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Mapping the Capacity of Healthcare in Puerto Rico

Alternative Text for Time-Based Media

The following is a text alternative description for the Mapping the Capacity of Healthcare in Puerto Rico.

[The video begins with Captain Betty Hastings, Recovery Field Coordinator for the U.S. Department of Health & Human Services, is entering the Joint Recovery Office in Guaynabo, Puerto Rico. Here, she is showing how the Office of the Assistant Secretary for Preparedness and Response (ASPR) is helping to assess the capacity and capabilities of private and public healthcare services across the island through mapping.]

Capt. Betty Hastings: I believe that the work we are doing here will set the stage for saving lives in the future. This is the first ever map of all of the healthcare facilities. Through a lot of labor and love, we have been able to map every single clinic, hospital, federally qualified health center, C-D-T (which is an urgent care on the mainland, typically); and determine their generator capacity, their bed capacity, their surge capacity, their communication capacity.

So, here we have a center for diagnostic and treatment. This circle here says the number of beds that it has and the number of additional patients they could take on for surge capacity. It just gives a great picture of the healthcare system in the island. We are able to visually see where there are communication needs, where there are generator needs, where there are fueling needs, sooner rather than later.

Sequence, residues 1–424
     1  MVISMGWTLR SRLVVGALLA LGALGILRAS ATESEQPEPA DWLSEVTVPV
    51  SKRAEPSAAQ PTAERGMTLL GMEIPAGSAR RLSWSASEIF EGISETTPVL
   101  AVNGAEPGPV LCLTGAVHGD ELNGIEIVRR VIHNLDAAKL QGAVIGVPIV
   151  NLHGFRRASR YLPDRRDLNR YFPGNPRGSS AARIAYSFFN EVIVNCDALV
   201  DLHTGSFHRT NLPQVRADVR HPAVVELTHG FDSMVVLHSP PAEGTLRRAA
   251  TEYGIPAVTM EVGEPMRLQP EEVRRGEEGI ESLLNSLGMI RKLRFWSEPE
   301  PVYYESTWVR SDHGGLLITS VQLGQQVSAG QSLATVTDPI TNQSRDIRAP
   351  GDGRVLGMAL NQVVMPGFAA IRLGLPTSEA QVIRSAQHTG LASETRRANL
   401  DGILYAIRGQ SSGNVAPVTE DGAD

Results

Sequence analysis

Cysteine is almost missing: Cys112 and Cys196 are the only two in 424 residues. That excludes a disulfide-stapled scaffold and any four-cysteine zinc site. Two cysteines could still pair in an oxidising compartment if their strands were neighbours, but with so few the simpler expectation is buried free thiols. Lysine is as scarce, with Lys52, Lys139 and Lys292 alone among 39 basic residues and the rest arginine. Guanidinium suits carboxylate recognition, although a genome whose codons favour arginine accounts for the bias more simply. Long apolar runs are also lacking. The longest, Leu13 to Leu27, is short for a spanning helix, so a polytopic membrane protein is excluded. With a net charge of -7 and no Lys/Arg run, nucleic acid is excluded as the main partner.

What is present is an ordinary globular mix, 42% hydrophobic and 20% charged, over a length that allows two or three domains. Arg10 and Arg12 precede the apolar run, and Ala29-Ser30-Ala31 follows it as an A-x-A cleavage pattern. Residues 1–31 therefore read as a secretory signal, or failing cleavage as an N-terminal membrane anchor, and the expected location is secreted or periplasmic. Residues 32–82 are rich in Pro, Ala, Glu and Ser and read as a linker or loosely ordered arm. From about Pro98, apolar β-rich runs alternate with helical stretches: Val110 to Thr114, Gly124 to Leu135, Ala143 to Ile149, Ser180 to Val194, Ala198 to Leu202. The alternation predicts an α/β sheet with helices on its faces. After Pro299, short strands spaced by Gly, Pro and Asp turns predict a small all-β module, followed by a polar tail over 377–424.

This red dot here tells us that they have seven (7) days of generator power should the power go out. This is the communications indicator. This is that they have a two-way radio. They have a landline, and then that they have an emergency operations plan. That’s really important.

What’s so exciting is they’re bringing them all to the same table because — some are private, some are public, some are not-for-profit. So, bringing all of the healthcare system to the same table under the same recovery plan is the goal.

[The video concludes with a non-descript background followed by the Department of Health and Human Services logo, caption and voice-over narrative, “Produced at U.S. taxpayer expense by the U.S. Department of Health and Human Services.”]